However, Stockport has a high proportion of older people in the Borough, and we recognised that these residents might be less connected when the government asked the country to stay at home and self-isolate. In response, we bought and distributed 87 tablets, preloaded with 4G sim cards, to all 60 of the borough's care and nursing homes and supported living schemes across the borough, to enable more frequent communication to take place between residents and their families. Our DigiKnow digital champions helped the care homes to use the devices connecting care home residents with their families.

Mable, an elderly lady, living on her own and self-isolating due to her age and underlying health conditions was referred to us by a neighbour volunteer, who was supporting her with shopping through the local mutual aid support group. Mable was given a tablet and pre-loaded SIM, matched up with a digital champion to support her learning and is now online and video calling her family in Australia and Canada! You can watch Mable explain the impact of this in this video.

How are keeping people up to speed?

A new coronavirus helpline was set up quickly to assist vulnerable people who don't have support from other avenues, to access what they need to help them stay safe and well. Our digital teams configured our Verint case management system to provide scripts and online guidance for our contact centre agents, who were also supported by the redeployed staff to signpost people to various levels of help. They also made welfare calls to the 8,000 'shielded' residents in Stockport, and these were logged on the case management system to keep an audit trail and monitor volume and type of demand. By the end of April, we had created a fully automated referral form.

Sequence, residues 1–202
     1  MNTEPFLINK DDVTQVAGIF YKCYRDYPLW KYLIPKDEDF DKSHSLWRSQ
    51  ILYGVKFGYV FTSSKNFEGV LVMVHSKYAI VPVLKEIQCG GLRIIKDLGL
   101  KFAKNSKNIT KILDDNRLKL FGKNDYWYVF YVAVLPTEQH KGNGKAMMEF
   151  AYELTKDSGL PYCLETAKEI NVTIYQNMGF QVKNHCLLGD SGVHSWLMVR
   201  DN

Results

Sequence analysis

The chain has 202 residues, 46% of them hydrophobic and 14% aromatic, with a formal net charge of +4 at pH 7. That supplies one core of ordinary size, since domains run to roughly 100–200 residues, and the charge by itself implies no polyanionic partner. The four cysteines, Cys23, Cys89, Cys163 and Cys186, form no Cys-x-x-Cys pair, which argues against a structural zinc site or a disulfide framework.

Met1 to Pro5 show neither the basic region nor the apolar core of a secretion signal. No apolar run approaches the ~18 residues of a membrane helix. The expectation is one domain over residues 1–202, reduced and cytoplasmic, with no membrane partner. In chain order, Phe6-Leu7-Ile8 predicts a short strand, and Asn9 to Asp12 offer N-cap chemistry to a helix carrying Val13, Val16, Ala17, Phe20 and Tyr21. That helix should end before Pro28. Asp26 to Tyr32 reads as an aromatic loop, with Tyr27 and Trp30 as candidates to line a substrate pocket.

Just one week after lockdown, we launched Stockport Local Fund: Community Support, offering immediate grants of up to £1,000 for community groups helping the most vulnerable, and applied for online.

When the pandemic forced lockdown, we had 12 of our digital champions re-trained to offer support via the phone, zoom and through screen sharing. With the help of the digital champions, we were soon able to launch a dedicated digital helpline to help Stockport residents get online for the first time. As calls to our Helpline increased, we established a buddy scheme that connects both new and old learners across the Borough with digital champions.

Stockport is a radical digital council, and by that, we mean that digital isn't just a delivery method – it runs through our very core. Our digital transformation strategy set out to introduce new working practices to ensure we would be fit for the future, whatever that may bring. The challenges of the past two months have demonstrated its true potential to reshape service delivery and the way we interact with individuals and communities. Digital is very much part of the new normal.

Case study: Ashbourne House Care Home in Gatley